However a lot of Macedonians agreed with Callisthenes, who raised the point that he would hold Alexander in the highest regards and that he was fit for any honour a man could receive. But he also made the point that there is a large difference between honouring a man and worshipping a god. And in this it is clear that prostration is an act of worshipping a god since Men greet each other with a kiss; but a god, far above usit is not lawful for us to touch – and that is why we proffer him the homage of bowing to the earth before him’. And he said that it would be wrong to pay this homage to Alexander since although he was the best among men, he was still a man and it would degrade the gods to put them at the same level as men. This was the view held by many Macedonians, but even though they expressed these views. And even though they felt that they did not have to prostrate themselves in front of him, they still believed in Alexander’s divine heritage. It is clear that this is true when even Callisthenes says in his speech that he has the blood of Heracles in his veins, although when saying this he calls Alexander Philip’s son, which suggests that he did not believe that Alexander truly was the son of Ammon.
This is not necessarily the view of Alexander’s other followers, who had followed Alexander to the temple of Ammon across a treacherous desert. Surely in doing this they must have held some belief that Alexander was descended from Ammon since it was a hazardous journey and if Alexander was doing it simply out of a matter of policy, then he was doing it more for the Egyptian people and not for his own troops. It appears that in acts such as this the Macedonian troops showed their belief in Alexander’s divine birth, since why else would they have followed him.
Then again it can be argued that if they truly believed in Alexander’s divine ancestry then they would have followed him to the ends of the earth. This was not the case however since after the defeat of Hyphasis Alexander wanted to go on but his troops refused. Even one of Alexander’s amazing speeches could not sway them. But this could have been due more to the fact that all of his men were tired and had not been home for years, rather than their lack of faith in him as a ruler and his claims to having a divine birth.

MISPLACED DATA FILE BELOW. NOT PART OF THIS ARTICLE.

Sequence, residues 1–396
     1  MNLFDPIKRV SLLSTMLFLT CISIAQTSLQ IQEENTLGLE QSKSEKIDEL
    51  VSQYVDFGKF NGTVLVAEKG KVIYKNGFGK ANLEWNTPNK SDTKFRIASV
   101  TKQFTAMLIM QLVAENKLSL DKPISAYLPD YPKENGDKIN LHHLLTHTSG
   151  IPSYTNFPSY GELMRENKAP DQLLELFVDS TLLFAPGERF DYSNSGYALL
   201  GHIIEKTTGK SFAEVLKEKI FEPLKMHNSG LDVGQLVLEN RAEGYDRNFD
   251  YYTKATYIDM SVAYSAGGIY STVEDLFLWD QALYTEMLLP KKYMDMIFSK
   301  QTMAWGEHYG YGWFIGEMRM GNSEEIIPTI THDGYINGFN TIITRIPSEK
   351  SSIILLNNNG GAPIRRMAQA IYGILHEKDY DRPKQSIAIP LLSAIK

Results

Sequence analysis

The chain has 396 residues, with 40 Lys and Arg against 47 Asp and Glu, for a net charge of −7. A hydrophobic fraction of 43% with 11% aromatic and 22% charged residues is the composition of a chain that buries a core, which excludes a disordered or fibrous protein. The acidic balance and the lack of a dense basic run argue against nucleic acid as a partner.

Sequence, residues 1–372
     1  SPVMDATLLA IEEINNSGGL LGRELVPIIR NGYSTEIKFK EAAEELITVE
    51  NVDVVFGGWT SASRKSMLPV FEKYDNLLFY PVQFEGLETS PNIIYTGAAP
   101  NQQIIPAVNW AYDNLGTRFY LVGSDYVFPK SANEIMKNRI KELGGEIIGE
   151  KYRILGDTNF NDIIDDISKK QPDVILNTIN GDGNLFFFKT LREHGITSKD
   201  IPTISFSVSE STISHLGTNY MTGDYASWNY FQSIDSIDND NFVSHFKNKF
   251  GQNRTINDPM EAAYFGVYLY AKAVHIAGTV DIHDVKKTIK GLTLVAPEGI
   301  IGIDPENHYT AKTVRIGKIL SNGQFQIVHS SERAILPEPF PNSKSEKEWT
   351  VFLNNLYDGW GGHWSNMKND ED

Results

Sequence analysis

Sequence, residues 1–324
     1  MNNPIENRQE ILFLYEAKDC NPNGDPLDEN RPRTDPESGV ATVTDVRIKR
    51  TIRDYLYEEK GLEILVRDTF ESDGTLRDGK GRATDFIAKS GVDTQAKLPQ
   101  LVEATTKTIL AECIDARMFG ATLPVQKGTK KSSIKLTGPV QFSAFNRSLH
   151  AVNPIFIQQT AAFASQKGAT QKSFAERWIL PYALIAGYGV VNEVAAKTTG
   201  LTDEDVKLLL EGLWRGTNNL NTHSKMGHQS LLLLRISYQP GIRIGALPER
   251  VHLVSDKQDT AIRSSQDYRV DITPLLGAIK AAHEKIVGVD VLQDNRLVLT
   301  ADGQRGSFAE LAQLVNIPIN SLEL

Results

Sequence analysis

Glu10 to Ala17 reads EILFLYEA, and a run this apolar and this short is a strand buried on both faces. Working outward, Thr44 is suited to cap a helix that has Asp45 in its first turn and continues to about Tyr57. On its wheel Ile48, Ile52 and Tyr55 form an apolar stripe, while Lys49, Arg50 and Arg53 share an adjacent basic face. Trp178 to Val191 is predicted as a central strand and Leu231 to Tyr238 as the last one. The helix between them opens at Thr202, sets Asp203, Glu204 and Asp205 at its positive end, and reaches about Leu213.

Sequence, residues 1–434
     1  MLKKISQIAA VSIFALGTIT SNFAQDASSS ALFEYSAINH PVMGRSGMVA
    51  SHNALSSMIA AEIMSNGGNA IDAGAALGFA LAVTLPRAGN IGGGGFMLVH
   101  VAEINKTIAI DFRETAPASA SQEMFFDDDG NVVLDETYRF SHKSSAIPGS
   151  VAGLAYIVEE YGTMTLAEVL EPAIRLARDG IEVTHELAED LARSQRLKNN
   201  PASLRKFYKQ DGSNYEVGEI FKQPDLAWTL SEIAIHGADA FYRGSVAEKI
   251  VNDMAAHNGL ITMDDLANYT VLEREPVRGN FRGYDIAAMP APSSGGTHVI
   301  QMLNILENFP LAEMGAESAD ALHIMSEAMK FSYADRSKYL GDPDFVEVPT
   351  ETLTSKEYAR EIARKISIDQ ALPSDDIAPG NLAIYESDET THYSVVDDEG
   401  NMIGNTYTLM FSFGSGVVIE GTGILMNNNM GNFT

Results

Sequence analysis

Either way it must be known that Alexander was deified by his troops in death. This should act as a testimony to their belief that he was of divine birth. However you must also be aware of the Ancient Greek, and Macedonians tendency for deifying heroes and rulers of the time. As stated earlier, even Alexander wished for his friend Hephaestion to be worshipped as a Demi-god upon his death. With this there is also the idea that they had a tendency to suggest that any great hero or leader had divine parentage. In this it could be argued that maybe Alexander’s divine heritage was more an idea presented by the sources that wrote about Alexander, rather than that of Alexander himself. Although in a letter that Alexander wrote to his opponent Darius he says in no small words that he is the son of Ammon and not Philip. However whether this was his true belief or simply a form of intimidation towards Darius is unclear.
After considering all the evidence that I have found within the pages of Arrian I feel that Alexander did truly consider himself to be of divine birth. Since, due to his piety, I do not believe that he would try to surpass an actual god, in the form of Dionysus, if he did not think himself to be at least in some way equal to them. I also think however that he exploited this idea politically so that he would get more support from his troops, generate fear in his enemies and find it easier to rule over the countries that he defeated. Alexander, being the great tactician that he was must have realised the benefits of people believing that he was more than just a great ruler and actually connected to the gods themselves.
As far as the beliefs of his followers go, I believe that the willingness of the Persians to prostrate themselves in front of him and his Macedonian troops loyalty were important indicators. This is seen when they followed him across the vast desert in which the temple of Ammon was situated, just to answer the question of whether or not he did descend from the Egyptian god; this suggests that they too believed in his claim to being of divine descent. And it can be seen that there are not many men that were as revered and honoured by the people of the time as Alexander was. Leaving no doubt in my mind that both Alexander and his followers were convinced that he was of divine descent and that they felt that he was worthy of all the tribute that was paid to him after he died.